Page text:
6. Choose a budget that works for your business.

Facebook can provide an ideal budget for you based on your test details, or you can choose an ideal budget for yourself when you’re filling in test details. Setting an ideal budget will help you determine a winning strategy — it factors in Ad Spend into the success of your test.

According to one of HubSpot’s Paid Ads specialists, Nicole Ondracek, “A big value of split testing is being able to prevent audience overlap so you know that the same audience is not seeing multiple variants which could affect the results. That way, you can confidently say which one is the clear winner.”

A/B testing gives you a better understanding of audience behavior. Performing them on Facebook streamlines the process and gives you more comfortability with Facebook’s ad system.

Additionally, Ondracek mentions that depending on split testing results, advertisers can begin to shape what type of creative they need to use for the future.

This post was originally published in March 2013 and has been updated for comprehensiveness.

The Ultimate A/B Testing Kit

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YouTube Ad Specs, Sizes, and Examples [2024 Update]

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YouTube Ad Specs, Sizes, and Examples

Introduction

With billions of users each month, YouTube is the world’s second largest search engine and top website for video content. This makes it a great place for advertising. To succeed, advertisers need to follow the correct YouTube ad specifications. These rules help your ad reach more viewers, increasing the chance of gaining new customers and boosting brand awareness.

Types of YouTube Ads

Video Ads

  • Description: These play before, during, or after a YouTube video on computers or mobile devices.
  • Types:
    • In-stream ads: Can be skippable or non-skippable.
    • Bumper ads: Non-skippable, short ads that play before, during, or after a video.

Display Ads

  • Description: These appear in different spots on YouTube and usually use text or static images.
  • Note: YouTube does not support display image ads directly on its app, but these can be targeted to YouTube.com through Google Display Network (GDN).

Companion Banners

  • Description: Appears to the right of the YouTube player on desktop.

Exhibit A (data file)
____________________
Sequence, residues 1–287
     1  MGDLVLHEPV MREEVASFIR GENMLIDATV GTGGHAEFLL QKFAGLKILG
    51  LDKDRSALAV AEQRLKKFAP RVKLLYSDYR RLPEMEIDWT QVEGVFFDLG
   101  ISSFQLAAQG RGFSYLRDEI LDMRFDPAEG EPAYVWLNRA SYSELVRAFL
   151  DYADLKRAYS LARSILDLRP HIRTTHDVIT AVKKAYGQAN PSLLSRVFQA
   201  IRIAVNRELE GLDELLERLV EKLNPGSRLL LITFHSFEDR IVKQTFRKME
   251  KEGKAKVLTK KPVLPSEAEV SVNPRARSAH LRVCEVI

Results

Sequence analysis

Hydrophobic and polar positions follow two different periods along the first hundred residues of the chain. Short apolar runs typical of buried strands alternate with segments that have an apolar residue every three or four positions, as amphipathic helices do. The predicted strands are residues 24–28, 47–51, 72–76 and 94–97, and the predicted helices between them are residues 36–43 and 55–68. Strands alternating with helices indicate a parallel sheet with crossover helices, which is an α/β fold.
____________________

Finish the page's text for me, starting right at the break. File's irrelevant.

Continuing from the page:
• Requirement: Must be purchased alongside In-stream ads, Bumper ads, or In-feed ads.

In-feed Ads

  • Description: Resemble videos with images, headlines, and text. They link to a public or unlisted YouTube video.

Outstream Ads

  • Description: Mobile-only video ads that play outside of YouTube, on websites and apps within the Google video partner network.

Masthead Ads

  • Description: Premium, high-visibility banner ads displayed at the top of the YouTube homepage for both desktop and mobile users.

YouTube Ad Specs by Type

Skippable In-stream Video Ads

  • Placement: Before, during, or after a YouTube video.
  • Resolution:
    • Horizontal: 1920 x 1080px
    • Vertical: 1080 x 1920px
    • Square: 1080 x 1080px
  • Aspect Ratio:
    • Horizontal: 16:9
    • Vertical: 9:16
    • Square: 1:1
  • Length:
    • Awareness: 15-20 seconds
    • Consideration: 2-3 minutes
    • Action: 15-20 seconds

Non-skippable In-stream Video Ads

  • Description: Must be watched completely before the main video.
  • Length: 15 seconds (or 20 seconds in certain markets).
  • Resolution:
    • Horizontal: 1920 x 1080px
    • Vertical: 1080 x 1920px
    • Square: 1080 x 1080px
  • Aspect Ratio:
    • Horizontal: 16:9
    • Vertical: 9:16
    • Square: 1:1

Bumper Ads

  • Length: Maximum 6 seconds.
  • File Format: MP4, Quicktime, AVI, ASF, Windows Media, or MPEG.
  • Resolution:
    • Horizontal: 640 x 360px
    • Vertical: 480 x 360px

In-feed Ads

  • Description: Show alongside YouTube content, like search results or the Home feed.
  • Resolution:
    • Horizontal: 1920 x 1080px
    • Vertical: 1080 x 1920px
    • Square: 1080 x 1080px
  • Aspect Ratio:
    • Horizontal: 16:9
    • Square: 1:1
  • Length:
    • Awareness: 15-20 seconds
    • Consideration: 2-3 minutes
  • Headline/Description:
    • Headline: Up to 2 lines, 40 characters per line
    • Description: Up to 2 lines, 35 characters per line

Display Ads

  • Description: Static images or animated media that appear on YouTube next to video suggestions, in search results, or on the homepage.
  • Image Size: 300×60 pixels.
  • File Type: GIF, JPG, PNG.
  • File Size: Max 150KB.
  • Max Animation Length: 30 seconds.

Outstream Ads

  • Description: Mobile-only video ads that appear on websites and apps within the Google video partner network, not on YouTube itself.
  • Logo Specs:
    • Square: 1:1 (200 x 200px).
    • File Type: JPG, GIF, PNG.
    • Max Size: 200KB.

Masthead Ads

  • Description: High-visibility ads at the top of the YouTube homepage.
  • Resolution: 1920 x 1080 or higher.
  • File Type: JPG or PNG (without transparency).

Conclusion

YouTube offers a variety of ad formats to reach audiences effectively in 2024. Whether you want to build brand awareness, drive conversions, or target specific demographics, YouTube provides a dynamic platform for your advertising needs. Always follow Google’s advertising policies and the technical ad specs to ensure your ads perform their best. Ready to start using YouTube ads? Contact us today to get started!

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Why We Are Always ‘Clicking to Buy’, According to Psychologists

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Why We Are Always 'Clicking to Buy', According to Psychologists

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A deeper dive into data, personalization and Copilots